I recently attended a panel on The Future of Investigative Reporting.
Held at San Francisco Museum of Modern Art in connection to the exhibition Henri Cartier-Bresson: The Modern Century, the panel strayed from photojournalism into a discussion of new models for journalism, and, as I blogged here didn't address the question I thought was implied in the context of the Cartier-Bresson show.
Don't get me wrong -- it was a very good panel, with:
David Cohn (http://spot.us)But I wanted to know: what would Cartier-Bresson do today?
Robert Rosenthal (http://centerforinvestigativereporting.org)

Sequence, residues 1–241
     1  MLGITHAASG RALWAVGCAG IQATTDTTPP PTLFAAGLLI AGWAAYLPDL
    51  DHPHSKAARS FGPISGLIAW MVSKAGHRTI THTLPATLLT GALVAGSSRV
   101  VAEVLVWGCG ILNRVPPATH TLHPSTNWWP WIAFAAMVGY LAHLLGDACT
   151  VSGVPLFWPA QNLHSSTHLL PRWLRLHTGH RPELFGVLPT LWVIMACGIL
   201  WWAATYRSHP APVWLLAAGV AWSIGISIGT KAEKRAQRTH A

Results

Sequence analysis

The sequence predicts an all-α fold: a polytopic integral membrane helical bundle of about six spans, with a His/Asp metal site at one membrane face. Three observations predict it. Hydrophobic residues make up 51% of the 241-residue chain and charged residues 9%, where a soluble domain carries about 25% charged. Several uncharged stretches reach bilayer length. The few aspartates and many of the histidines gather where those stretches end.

A.C. Thompson (http://propublica.org)
Lola Vollen (http://exonerated.org)
and documentary photographer
Susan Meiselas (http://susanmeiselas.com/).
It's easy to forget, as we celebrate individual works from HCB and discuss "the decisive moment," that he was a magazine photographer, and that his approach was generally that of a documentary photographer.
Today, the long trips (with an investment of time and money), the multi-page spreads, the public interest in world events beyond live coverage -- well, some would say that's all gone. Others might say it still exists, but for very, very few photographers.
So, would HCB be blogging? Posting clips on YouTube? Working toward a book, a documentary film, a museum exhibition?
More importantly: where would he take things next?